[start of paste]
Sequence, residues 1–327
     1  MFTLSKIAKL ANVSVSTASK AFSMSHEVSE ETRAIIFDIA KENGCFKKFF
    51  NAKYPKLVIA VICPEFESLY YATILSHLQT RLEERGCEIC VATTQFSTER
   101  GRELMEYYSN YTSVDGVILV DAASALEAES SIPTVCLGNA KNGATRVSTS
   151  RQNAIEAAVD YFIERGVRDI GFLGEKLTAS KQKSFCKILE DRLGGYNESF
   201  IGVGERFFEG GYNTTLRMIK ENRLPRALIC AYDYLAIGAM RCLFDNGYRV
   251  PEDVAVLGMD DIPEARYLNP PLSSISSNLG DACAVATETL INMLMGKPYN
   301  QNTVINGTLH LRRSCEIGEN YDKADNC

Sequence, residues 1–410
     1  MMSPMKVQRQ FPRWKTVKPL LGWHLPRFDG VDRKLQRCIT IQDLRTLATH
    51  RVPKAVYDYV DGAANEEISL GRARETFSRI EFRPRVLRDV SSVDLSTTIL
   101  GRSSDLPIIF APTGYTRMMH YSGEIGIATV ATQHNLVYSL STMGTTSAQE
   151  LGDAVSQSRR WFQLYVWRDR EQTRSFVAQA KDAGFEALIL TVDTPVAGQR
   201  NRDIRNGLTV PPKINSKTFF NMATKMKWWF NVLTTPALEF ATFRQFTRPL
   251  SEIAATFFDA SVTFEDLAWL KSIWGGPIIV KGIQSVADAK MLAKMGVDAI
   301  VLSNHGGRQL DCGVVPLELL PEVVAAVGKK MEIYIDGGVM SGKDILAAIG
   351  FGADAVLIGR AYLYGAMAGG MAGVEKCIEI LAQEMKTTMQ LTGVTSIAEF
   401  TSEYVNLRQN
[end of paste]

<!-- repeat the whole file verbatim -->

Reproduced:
Sequence, residues 1–327
     1  MFTLSKIAKL ANVSVSTASK AFSMSHEVSE ETRAIIFDIA KENGCFKKFF
    51  NAKYPKLVIA VICPEFESLY YATILSHLQT RLEERGCEIC VATTQFSTER
   101  GRELMEYYSN YTSVDGVILV DAASALEAES SIPTVCLGNA KNGATRVSTS
   151  RQNAIEAAVD YFIERGVRDI GFLGEKLTAS KQKSFCKILE DRLGGYNESF
   201  IGVGERFFEG GYNTTLRMIK ENRLPRALIC AYDYLAIGAM RCLFDNGYRV
   251  PEDVAVLGMD DIPEARYLNP PLSSISSNLG DACAVATETL INMLMGKPYN
   301  QNTVINGTLH LRRSCEIGEN YDKADNC

Sequence, residues 1–410
     1  MMSPMKVQRQ FPRWKTVKPL LGWHLPRFDG VDRKLQRCIT IQDLRTLATH
    51  RVPKAVYDYV DGAANEEISL GRARETFSRI EFRPRVLRDV SSVDLSTTIL
   101  GRSSDLPIIF APTGYTRMMH YSGEIGIATV ATQHNLVYSL STMGTTSAQE
   151  LGDAVSQSRR WFQLYVWRDR EQTRSFVAQA KDAGFEALIL TVDTPVAGQR
   201  NRDIRNGLTV PPKINSKTFF NMATKMKWWF NVLTTPALEF ATFRQFTRPL
   251  SEIAATFFDA SVTFEDLAWL KSIWGGPIIV KGIQSVADAK MLAKMGVDAI
   301  VLSNHGGRQL DCGVVPLELL PEVVAAVGKK MEIYIDGGVM SGKDILAAIG
   351  FGADAVLIGR AYLYGAMAGG MAGVEKCIEI LAQEMKTTMQ LTGVTSIAEF
   401  TSEYVNLRQN